The military over the past decade has embraced renewable energy — such as portable solar panels to charge radios and cell phones — as a tool of war. “There is an authentic demand for [non-fossil] battlefield energy sources,” Burke says. “I don’t see this as being ideological about energy, it’s about the war fighter and the mission.” For organizations like the Marine Corps that regard themselves as quick-response forces, reducing fuel demand is “existential, it’s part of their identity.”

The Pentagon will probably not abandon these efforts, but some of the more ambitious renewable initiatives pushed by the Obama administration likely will be axed, Burke says. Congress in recent years has been particularly critical of a costly effort to develop drop-in alternative fuels for military aircraft and ships. “I don’t expect the Trump administration will continue to invest in military biofuels.”

The Pentagon has led the Obama administration’s push to increase the federal government’s use of renewable energy. Some of the nation’s largest military bases across the country have signed long-term deals with private companies to provide clean energy. The Trump administration may find that these privately financed projects make sense from a business standpoint, Burke says. Third-party financed programs have been effective, she adds, and do not drain government resources. “You wish they wouldn’t throw the baby out with the bathwater.” Market driven changes in the energy market cannot be reversed by executive order. “It’s the policy driven change that they will likely do away with.”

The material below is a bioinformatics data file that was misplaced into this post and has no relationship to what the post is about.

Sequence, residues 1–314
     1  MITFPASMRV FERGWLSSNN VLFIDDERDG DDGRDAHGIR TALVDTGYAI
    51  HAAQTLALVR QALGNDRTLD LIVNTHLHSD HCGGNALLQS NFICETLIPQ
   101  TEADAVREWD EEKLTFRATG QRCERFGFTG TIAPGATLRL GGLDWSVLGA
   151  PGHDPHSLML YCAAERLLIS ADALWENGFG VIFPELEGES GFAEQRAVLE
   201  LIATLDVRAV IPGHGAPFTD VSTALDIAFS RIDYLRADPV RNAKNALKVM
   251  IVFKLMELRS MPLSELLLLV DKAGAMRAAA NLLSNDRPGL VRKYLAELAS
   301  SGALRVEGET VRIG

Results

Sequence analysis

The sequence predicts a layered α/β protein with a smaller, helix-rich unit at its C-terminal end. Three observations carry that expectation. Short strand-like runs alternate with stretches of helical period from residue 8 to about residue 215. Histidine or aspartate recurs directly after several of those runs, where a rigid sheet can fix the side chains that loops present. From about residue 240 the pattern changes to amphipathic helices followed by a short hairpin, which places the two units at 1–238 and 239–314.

More controversial alternative fuel research programs like portable nuclear fusion reactors might be sidelined by the Trump administration. The Defense Science Board has studied the applicability of this technology, says Burke, but it is a “stretch as far as a military necessity. The case for military utility is not there.”

Congressional Republicans — who years ago put a bull’s eye on the Navy’s high-profile biofuels program — will be taking action to terminate the project as soon as the new Congress is sworn in. The conservative bloc known as the “freedom caucus” announced that it will move to reverse environmental regulations across the federal government in its first 100 days. An Obama 2013 executive order directs government agencies to prepare for climate change.

Projects to develop and test alternative fuels are especially disliked by conservative lawmakers. “Billions of dollars have been sunk into this program for years,” noted a freedom caucus report. Clean energy mandates are characterized as “corporate welfare … burdensome, costly, implausible to comply with. … And part of the green agenda being pushed by the left.”

Obama’s Navy Secretary Ray Mabus has been the administration’s most visible champion of military green-energy programs. A spokesman for Mabus declined to comment for this story. In an interview with Defense News this month, Mabus rejected criticism of biofuels as luxury items. He said green fuels now cost about the same as conventional jet fuel. “I think that’s going to be a lasting legacy,” he said of the military biofuel program. “To roll that back just means you're going to make us a less effective force.”

A strong anti-science bent in the Trump administration regarding climate change could collide with military strategy that considers the effects of global warming — like rising sea levels and devastating storms — a security concern as forces often must respond to natural disasters and provide humanitarian assistance in areas like the Caribbean and Asia Pacific. U.S. Pacific Command has adopted policies to ensure the readiness of U.S. forces to respond to increasingly destructive storms in the region.

Burke predicts the Pentagon, and especially the uniformed leadership, will continue to champion energy and climate efforts. “They may not put out press releases but I think they will keep going.”

Topics: Defense Department, Defense Innovation, Energy, Environment and Energy Security